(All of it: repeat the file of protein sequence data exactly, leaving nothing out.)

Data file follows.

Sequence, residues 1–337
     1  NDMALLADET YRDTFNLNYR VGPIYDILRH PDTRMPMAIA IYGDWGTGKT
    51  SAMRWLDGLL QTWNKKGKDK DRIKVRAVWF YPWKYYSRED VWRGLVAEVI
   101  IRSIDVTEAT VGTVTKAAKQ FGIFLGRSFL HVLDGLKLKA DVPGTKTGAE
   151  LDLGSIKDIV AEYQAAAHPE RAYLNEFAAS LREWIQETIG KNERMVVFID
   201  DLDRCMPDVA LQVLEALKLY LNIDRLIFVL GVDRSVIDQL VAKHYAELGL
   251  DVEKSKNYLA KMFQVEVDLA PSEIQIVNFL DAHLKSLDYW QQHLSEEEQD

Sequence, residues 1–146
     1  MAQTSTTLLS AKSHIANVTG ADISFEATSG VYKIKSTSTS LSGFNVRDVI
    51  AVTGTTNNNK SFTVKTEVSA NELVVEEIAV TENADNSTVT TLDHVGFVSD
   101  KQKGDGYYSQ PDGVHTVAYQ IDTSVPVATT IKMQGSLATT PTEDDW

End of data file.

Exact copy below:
Sequence, residues 1–337
     1  NDMALLADET YRDTFNLNYR VGPIYDILRH PDTRMPMAIA IYGDWGTGKT
    51  SAMRWLDGLL QTWNKKGKDK DRIKVRAVWF YPWKYYSRED VWRGLVAEVI
   101  IRSIDVTEAT VGTVTKAAKQ FGIFLGRSFL HVLDGLKLKA DVPGTKTGAE
   151  LDLGSIKDIV AEYQAAAHPE RAYLNEFAAS LREWIQETIG KNERMVVFID
   201  DLDRCMPDVA LQVLEALKLY LNIDRLIFVL GVDRSVIDQL VAKHYAELGL
   251  DVEKSKNYLA KMFQVEVDLA PSEIQIVNFL DAHLKSLDYW QQHLSEEEQD

Sequence, residues 1–146
     1  MAQTSTTLLS AKSHIANVTG ADISFEATSG VYKIKSTSTS LSGFNVRDVI
    51  AVTGTTNNNK SFTVKTEVSA NELVVEEIAV TENADNSTVT TLDHVGFVSD
   101  KQKGDGYYSQ PDGVHTVAYQ IDTSVPVATT IKMQGSLATT PTEDDW